Reprinted With Permission From American Wild Horse Preservation Campaign
By Kristen Moulton
The Salt Lake Tribune
Updated Sep 7, 2010 12:02AM
The Bureau of Land Management will begin rounding up hundreds of wild horses from the mountainous deserts of western Utah on Tuesday, a move the federal agency says is necessary for the health of the land and the wildlife.
The BLM wants to take 480 horses from herds in the Conger and Confusion mountain ranges, about 75 miles west of Delta. That would leave just 27 percent of the two herds in the wild.
The roundups, Utah’s first this season, come as criticism mounts in what is turning out to be the biggest year in memory for removing wild horses from the range.
The BLM’s goal is to capture nearly 31 percent of the nation’s 38,365 wild horses and burros this year; if it succeeds, 11,783 will be pumped into the pipeline for private adoption or sent to pasture in the Midwest. No wild horses are slaughtered.
In California, horse advocates unsuccessfully sued to block the capture of about 2,000 animals. In response to growing criticism that the program is unnecessarily decimating wild horse herds, Interior Secretary Ken Salazar in late August called for an independent scientific study to re-evaluate his agency’s approach.
“They just keep adding more and more horses to holding facilities and the situation ... is completely unsustainable,” Suzanne Roy, director of the American Wild Horse Preservation Campaign, said Friday.
Wild horses and burros roam in 10 Western states, with the largest herds in Nevada and California. Last February, the BLM counted 2,724 mustangs and 164 burros on Utah’s public lands.
“It’s a management tool,” said Lisa Reid, spokeswoman for the BLM’s Fillmore office, which will run the “gathers” — the agency’s term for roundups — during the next two weeks. “We try to provide an ecological balance between horses and wildlife and recreation.”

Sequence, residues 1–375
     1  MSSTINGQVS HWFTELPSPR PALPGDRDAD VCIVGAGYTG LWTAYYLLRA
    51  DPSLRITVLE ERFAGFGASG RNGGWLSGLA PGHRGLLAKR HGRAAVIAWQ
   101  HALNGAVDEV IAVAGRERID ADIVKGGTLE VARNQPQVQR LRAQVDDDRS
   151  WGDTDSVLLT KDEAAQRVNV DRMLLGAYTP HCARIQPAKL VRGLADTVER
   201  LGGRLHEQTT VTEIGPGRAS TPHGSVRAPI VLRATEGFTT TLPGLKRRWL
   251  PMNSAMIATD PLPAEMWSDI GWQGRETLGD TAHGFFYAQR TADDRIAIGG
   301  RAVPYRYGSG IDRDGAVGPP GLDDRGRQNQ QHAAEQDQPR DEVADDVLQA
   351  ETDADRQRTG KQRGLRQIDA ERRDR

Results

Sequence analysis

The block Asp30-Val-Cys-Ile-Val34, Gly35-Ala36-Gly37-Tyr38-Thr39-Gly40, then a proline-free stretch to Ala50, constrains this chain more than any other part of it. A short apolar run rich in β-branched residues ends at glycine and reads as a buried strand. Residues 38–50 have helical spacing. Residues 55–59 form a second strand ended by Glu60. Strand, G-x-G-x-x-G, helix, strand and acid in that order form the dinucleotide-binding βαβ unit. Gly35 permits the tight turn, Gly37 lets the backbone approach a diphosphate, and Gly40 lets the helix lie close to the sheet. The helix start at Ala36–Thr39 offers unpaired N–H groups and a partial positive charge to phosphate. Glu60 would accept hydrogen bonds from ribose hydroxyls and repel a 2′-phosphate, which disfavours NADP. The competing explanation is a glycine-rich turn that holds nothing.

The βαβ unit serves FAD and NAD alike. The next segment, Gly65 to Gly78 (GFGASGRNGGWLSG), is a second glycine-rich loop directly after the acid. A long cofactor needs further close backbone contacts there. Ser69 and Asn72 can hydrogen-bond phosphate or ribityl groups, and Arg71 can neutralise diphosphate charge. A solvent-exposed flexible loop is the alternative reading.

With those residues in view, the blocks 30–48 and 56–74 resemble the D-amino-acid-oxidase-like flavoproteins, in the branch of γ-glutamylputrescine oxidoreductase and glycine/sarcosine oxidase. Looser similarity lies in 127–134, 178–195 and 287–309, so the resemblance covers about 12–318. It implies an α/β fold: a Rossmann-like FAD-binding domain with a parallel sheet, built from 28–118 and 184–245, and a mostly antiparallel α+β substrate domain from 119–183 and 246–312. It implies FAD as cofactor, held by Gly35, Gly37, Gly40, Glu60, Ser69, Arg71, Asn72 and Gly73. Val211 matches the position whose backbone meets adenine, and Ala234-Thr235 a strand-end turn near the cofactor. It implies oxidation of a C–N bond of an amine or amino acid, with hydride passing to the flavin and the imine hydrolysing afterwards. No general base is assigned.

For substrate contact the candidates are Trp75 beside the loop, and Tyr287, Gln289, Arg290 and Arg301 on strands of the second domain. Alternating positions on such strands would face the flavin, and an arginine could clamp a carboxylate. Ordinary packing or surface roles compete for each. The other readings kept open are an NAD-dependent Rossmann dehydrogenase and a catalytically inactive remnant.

Wild horses, lacking predators such as grizzlies, wolves or mountain lions, will double in number every four years if left alone.
The number of wild horses in the Confusion and Conger mountain ranges is far higher than the range can handle, the BLM’s Mike Gates, field office manager, said in an early August news release.
“Our horses are healthy, and we want them to remain healthy,” Gates said. “We must manage the population at appropriate levels to maintain an ecological balance on the range.”
The agency last took wild horses from the Confusion herd in 2004, when 154 were gathered, and from the Conger herd in 2006, when 123 were removed.
During this month’s roundups, the BLM will capture and release some of the horses, including an estimated 50 studs in the Confusion herd and another 20 in the Conger herd. Also, 10 mares in the Conger herd are to be treated with fertility control and returned to the range.
Adjusting the sex ratios in the herds, the agency says, will slow the population growth.
Roy, like other critics, believes public lands could hold many more horses.
The BLM, she said, is being stingy with wild horses and overly generous with cattle and sheep that graze many millions more acres of federal land.
“It’s all about money,” she said, “and it’s all about the power of the livestock lobby.”
Further complicating the issue is the growing stockpile of wild horses.
Those who are too old or otherwise unsuitable for adoption end up in pastures that Reid likens to “rest homes” for horses. Those are all in the Midwest.
The economic downturn has dampened demand for wild-horse adoptions, so even more animals end up in the long-term pastures.
According to the BLM website, it cost taxpayers $29 million in the 2009 budget year to care for the horses in captivity. As of August, according to the agency, there were 25,700 permanently pastured wild horses and 8,800 in short-term corrals, likely bound for adoption.
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